Closeup of mouse
On December 9, 1968, before a packed Brooks Hall auditorium in San Francisco, Douglas Engelbart, the director of Stanford Research Institute's Augmentation Research Center, took the stage and changed computing forever.
During a 100-minute presentation, Engelbart demonstrated to 1,000 people the work that he and SRI's chief engineer, Bill English, had been doing, work that is still recognizable in the way that everyone uses computers today.
It's possible, some have said, that there never had been, nor never would be, another presentation that unveiled as many new paradigm-shifting technologies. They included the world's first publicly seen mouse, as well as the introduction of hyperlinks and navigable windows. The presentation drew a standing ovation.
And it moved John Markoff, reporter at The New York Times and author of What the Dormouse Said: How the 60s Counterculture Shaped the Personal Computer Industry, to write: "There were two things that particularly dazzled the audience on that rainy Monday morning."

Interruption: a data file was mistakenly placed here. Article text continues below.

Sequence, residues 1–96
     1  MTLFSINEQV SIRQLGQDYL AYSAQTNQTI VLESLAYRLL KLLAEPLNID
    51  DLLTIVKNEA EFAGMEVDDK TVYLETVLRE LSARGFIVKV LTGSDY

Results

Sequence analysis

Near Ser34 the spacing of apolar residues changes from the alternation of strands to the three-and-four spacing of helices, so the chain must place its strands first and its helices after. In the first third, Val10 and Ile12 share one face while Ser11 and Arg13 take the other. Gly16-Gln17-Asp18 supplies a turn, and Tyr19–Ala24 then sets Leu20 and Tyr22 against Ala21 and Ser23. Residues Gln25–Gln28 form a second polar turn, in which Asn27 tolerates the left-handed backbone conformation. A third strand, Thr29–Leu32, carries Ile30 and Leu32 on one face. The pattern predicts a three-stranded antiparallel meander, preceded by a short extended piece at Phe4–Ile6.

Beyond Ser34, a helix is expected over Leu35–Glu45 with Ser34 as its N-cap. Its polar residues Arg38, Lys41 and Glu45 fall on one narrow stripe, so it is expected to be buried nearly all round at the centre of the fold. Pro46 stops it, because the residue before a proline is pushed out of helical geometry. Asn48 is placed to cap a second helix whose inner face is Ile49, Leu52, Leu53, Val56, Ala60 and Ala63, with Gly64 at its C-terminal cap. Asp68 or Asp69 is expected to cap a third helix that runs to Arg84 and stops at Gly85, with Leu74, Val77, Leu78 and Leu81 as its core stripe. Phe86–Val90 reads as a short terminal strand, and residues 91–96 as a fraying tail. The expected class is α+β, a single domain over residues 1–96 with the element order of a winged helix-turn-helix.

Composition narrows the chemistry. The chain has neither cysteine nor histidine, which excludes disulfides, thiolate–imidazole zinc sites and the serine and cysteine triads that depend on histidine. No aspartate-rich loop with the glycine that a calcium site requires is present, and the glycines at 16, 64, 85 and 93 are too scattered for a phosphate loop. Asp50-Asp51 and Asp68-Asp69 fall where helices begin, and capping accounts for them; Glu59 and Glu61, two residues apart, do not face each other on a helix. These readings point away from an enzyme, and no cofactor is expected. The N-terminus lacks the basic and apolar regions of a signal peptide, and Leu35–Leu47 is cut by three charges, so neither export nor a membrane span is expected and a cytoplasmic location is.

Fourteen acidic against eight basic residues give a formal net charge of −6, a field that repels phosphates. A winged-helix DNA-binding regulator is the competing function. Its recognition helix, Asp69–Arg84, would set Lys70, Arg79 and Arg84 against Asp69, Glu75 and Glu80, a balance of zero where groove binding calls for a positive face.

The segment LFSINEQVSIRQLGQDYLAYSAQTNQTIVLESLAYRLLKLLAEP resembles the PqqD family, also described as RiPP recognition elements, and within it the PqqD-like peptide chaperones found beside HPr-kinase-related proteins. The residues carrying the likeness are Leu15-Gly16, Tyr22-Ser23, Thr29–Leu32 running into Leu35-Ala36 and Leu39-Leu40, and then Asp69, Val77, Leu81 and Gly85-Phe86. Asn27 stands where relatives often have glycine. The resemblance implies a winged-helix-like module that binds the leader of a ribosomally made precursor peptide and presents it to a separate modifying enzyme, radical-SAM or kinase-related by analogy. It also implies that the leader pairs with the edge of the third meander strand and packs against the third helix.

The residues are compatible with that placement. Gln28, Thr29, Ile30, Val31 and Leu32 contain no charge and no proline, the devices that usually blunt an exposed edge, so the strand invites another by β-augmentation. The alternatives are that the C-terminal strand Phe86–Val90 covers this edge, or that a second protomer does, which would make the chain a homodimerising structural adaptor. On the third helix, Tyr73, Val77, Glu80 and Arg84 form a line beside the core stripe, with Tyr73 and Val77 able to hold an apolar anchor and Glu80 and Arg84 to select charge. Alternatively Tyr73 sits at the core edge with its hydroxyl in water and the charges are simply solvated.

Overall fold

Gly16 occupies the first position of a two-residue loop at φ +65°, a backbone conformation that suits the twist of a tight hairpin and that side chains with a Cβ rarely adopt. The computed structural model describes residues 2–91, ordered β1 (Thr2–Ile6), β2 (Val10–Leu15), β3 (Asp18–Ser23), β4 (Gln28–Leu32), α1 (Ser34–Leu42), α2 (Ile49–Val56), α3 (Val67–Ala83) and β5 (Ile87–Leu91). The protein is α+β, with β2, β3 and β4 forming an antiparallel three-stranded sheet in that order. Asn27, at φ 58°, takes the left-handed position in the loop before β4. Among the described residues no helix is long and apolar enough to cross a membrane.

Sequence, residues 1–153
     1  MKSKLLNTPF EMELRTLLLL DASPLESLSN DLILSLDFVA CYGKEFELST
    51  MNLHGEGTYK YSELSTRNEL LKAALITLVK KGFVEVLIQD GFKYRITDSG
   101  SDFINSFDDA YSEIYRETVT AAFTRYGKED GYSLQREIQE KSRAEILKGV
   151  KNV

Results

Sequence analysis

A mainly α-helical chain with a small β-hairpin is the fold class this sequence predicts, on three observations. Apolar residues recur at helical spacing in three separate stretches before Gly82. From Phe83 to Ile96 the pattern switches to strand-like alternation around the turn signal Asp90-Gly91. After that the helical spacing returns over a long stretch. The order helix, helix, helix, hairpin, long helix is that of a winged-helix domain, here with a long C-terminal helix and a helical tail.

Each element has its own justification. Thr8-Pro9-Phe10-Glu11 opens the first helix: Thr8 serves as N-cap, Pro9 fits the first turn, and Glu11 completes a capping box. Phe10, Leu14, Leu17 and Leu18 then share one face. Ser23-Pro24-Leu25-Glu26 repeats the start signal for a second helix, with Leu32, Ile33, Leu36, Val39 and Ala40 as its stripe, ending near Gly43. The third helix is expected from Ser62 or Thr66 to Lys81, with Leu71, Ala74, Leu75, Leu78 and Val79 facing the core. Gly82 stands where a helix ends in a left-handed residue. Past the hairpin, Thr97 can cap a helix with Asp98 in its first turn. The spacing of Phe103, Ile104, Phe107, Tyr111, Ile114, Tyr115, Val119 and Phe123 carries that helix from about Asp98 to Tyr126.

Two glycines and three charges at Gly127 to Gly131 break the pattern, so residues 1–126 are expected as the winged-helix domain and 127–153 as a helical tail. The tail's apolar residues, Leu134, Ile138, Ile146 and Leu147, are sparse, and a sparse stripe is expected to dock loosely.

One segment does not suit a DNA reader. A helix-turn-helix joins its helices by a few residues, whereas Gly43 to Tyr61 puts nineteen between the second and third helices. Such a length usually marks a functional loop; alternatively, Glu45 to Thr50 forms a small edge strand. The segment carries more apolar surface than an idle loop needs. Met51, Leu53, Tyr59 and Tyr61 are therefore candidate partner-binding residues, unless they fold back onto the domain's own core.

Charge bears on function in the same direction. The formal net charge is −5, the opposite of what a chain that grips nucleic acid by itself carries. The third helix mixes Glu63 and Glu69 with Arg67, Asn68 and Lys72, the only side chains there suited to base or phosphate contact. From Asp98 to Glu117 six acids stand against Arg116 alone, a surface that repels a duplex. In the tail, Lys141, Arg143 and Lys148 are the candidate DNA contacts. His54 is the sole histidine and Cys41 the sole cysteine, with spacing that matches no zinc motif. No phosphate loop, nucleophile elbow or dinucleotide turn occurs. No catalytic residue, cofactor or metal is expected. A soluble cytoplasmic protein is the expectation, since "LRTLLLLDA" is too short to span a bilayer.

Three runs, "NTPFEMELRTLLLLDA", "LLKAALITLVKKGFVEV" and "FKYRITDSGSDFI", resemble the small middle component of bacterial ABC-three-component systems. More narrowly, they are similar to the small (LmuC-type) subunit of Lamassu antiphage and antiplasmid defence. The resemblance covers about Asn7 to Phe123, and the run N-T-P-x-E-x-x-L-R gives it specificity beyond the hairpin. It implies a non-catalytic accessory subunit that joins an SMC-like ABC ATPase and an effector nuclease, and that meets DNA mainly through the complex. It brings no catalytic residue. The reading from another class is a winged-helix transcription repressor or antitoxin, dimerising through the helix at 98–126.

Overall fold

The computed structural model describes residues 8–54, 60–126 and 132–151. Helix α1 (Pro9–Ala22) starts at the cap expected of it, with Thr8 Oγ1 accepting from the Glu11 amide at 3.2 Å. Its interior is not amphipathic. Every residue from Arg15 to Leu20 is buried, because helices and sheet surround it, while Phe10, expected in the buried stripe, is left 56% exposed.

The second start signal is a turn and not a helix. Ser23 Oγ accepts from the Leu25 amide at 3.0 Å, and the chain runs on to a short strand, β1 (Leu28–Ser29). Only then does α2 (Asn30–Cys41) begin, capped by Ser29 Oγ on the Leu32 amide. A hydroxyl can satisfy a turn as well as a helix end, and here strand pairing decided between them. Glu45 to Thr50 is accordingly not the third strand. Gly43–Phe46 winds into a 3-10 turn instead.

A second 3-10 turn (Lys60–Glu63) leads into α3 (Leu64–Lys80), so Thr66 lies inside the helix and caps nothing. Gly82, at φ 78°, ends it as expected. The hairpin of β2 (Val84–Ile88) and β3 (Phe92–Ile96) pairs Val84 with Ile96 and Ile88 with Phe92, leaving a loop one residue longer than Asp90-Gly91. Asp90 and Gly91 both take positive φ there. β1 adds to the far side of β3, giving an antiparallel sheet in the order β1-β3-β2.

First, computing had made the leap from number crunching to become a communications and information-retrieval tool. Second, the machine was being used interactively with all its resources appearing to be devoted to a single individual. It was the first time that truly personal computing had been seen.
On Tuesday, SRI will present "Engelbart and the Dawn of Interactive Computing: SRI's Revolutionary 1968 Demo," a 40th anniversary celebration of what technology writer Steven Levy once called "the mother of all demos."
December 9, 2008 4:00 AM PST
Photo by: Stanford Research Institute
| Caption by: Daniel Terdiman
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